(2) Use of the product for a purpose not intended by the manufacturer;

(3) Use of the product with knowledge of a danger involved in such use with reasonable appreciation of the consequences and the voluntary and unreasonable exposure to said danger;

(4) Unreasonable failure to appreciate the danger involved in use of the product or the consequences thereof and the unreasonable exposure to said danger;

(5) The failure to undertake the precautions a reasonably careful user of the product would take to protect himself against dangers which he would reasonably appreciate under the same or similar circumstances; or

(6) The failure to mitigate damages.

Mo. Ann. Stat. § 537.765.3. See also Morrison v. Kubota Tractor Corp., 891 S.W.2d 422, 431-32 (Mo. Ct. App. 1994) (in a products liability action arising from an accident in which a tractor rolled over, holding that the jury was properly instructed on comparative fault based on the plaintiff's decision not to equip the tractor with a roll-over protection system). Importantly, in Missouri "[t]he doctrine of pure comparative fault . . . appl[ies] to products liability claims[.]" Gramex Corp. v. Green Supply, Inc., 89 S.W.3d 432, 441 (Mo. 2002) (quoting Mo. Ann. Stat. § 537.765.1). Under Missouri law, motorcyclists have a statutory duty to wear adequate headgear for safety, and a failure to do so is evidence of comparative fault. See Mo. Ann. Stat. § 301.010(36); Mo. Ann. Stat. § 302.020.2; Burrell v. O'Reilly Auto., Inc., 175 S.W.3d 642, 651-55 (Mo. Ct. App. 2005). In this instance, then, Goodyear has a right to present evidence and argument at trial that Darla Green's failure to wear a DOT-approved helmet at the time of the accident giving rise to this case constitutes contributory fault on Mrs. Green's part. Accordingly, Mrs. Green's motion in limine to exclude such evidence will be denied.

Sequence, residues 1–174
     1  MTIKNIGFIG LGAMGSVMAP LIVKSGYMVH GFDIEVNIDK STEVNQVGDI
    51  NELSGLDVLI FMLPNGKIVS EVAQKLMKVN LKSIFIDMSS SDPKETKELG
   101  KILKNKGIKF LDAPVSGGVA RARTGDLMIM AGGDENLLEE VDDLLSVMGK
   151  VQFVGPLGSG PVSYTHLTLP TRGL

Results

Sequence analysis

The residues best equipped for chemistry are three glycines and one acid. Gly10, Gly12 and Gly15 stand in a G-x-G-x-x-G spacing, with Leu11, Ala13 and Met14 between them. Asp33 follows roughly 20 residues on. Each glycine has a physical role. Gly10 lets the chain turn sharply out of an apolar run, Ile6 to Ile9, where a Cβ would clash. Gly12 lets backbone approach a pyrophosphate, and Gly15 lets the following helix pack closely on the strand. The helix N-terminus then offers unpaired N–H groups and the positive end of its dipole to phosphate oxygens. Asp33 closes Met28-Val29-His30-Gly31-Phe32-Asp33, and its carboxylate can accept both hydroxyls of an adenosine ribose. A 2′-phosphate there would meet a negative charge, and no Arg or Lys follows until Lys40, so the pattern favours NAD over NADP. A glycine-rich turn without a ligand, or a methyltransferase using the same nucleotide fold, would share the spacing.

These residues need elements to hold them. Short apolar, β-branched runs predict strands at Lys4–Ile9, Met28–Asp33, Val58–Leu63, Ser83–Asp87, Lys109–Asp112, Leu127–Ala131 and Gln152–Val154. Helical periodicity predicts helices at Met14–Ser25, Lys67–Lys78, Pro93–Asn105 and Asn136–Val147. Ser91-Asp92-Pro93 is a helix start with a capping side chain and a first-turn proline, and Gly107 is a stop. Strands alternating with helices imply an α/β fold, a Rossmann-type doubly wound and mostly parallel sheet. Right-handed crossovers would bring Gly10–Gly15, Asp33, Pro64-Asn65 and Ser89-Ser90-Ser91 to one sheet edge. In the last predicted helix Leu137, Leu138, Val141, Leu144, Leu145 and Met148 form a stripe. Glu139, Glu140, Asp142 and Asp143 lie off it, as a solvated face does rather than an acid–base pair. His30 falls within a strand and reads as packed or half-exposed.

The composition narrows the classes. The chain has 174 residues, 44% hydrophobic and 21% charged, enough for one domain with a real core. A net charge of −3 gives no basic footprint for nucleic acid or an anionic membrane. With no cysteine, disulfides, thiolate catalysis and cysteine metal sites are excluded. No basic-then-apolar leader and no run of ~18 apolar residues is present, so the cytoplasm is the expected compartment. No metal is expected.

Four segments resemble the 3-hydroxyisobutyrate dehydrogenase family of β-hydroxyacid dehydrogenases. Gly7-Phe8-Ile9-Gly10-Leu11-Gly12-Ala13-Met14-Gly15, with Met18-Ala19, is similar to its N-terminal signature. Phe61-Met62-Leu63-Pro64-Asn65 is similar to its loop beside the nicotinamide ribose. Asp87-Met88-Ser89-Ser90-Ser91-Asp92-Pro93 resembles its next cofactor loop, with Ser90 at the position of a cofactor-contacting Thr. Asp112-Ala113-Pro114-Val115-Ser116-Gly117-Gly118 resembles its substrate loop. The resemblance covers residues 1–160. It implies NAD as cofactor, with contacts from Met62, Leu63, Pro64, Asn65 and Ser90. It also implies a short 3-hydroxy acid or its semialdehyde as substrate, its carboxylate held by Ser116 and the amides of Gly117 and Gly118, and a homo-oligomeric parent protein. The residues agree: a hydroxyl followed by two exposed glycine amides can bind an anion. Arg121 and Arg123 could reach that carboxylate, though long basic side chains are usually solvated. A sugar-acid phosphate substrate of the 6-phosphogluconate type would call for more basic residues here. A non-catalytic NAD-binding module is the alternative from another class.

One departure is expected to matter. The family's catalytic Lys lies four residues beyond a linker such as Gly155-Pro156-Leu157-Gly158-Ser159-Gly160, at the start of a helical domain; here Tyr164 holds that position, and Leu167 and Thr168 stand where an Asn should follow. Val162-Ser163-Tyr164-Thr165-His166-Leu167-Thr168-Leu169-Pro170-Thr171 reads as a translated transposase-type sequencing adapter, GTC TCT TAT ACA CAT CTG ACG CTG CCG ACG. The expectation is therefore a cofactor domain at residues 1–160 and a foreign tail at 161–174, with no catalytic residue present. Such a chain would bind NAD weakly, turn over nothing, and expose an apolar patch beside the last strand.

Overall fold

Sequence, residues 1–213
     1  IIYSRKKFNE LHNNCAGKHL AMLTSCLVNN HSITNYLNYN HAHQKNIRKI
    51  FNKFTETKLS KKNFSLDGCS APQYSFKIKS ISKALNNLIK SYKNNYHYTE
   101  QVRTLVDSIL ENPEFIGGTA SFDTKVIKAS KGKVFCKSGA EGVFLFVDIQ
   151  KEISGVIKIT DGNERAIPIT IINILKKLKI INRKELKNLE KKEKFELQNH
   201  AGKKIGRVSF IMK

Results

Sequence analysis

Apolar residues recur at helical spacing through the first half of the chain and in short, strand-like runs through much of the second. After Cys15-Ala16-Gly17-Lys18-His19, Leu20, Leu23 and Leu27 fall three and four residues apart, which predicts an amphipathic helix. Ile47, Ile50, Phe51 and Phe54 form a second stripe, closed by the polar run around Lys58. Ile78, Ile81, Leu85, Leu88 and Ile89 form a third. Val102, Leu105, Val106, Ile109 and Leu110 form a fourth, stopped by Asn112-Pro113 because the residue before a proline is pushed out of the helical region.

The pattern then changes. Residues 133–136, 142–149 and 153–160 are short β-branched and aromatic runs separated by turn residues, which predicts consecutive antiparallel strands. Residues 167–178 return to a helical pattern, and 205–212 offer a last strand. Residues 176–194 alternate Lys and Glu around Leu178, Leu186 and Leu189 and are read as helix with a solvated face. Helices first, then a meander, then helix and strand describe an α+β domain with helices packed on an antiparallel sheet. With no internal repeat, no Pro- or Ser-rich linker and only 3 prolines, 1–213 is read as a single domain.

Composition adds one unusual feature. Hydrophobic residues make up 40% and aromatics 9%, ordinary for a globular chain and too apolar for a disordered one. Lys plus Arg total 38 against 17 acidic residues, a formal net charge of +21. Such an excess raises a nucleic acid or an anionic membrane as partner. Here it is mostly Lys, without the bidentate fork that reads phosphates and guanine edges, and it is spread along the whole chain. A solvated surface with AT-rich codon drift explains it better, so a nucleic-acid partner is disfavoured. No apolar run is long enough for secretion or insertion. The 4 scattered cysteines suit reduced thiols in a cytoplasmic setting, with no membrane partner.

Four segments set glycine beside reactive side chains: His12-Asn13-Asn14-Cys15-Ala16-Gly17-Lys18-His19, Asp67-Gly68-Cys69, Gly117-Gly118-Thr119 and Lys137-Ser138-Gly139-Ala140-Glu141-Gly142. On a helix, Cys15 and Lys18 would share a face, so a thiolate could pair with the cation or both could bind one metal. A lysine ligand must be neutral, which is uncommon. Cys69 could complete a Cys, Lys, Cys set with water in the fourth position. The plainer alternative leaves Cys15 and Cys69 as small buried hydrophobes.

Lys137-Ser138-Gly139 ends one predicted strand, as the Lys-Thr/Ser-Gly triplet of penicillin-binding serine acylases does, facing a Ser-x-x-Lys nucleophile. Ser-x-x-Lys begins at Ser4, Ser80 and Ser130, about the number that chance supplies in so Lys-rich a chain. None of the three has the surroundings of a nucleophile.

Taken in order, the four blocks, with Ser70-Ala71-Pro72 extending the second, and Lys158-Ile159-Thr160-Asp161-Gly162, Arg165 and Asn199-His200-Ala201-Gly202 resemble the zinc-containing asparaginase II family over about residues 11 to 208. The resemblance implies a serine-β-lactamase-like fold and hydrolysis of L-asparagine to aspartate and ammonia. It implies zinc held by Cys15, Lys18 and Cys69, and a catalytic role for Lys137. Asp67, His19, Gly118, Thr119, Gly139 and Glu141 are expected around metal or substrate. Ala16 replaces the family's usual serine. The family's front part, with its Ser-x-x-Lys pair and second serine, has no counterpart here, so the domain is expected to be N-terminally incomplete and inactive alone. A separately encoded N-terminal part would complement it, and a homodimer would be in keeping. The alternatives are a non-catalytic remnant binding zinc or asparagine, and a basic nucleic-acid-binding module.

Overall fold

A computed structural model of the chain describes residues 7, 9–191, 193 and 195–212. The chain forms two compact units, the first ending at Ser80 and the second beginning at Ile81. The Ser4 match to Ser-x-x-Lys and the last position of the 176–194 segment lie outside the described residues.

III. CONCLUSION

Darla Green's motion in limine (Doc. 96), to the extent it requests the exclusion of evidence and argument that the fact that Mrs. Green was not wearing a DOT-approved helmet at the time of the accident giving rise to this case is proof of contributory fault, is DENIED.

IT IS SO ORDERED.

G. PATRICK MURPHY United States District Judge

20100302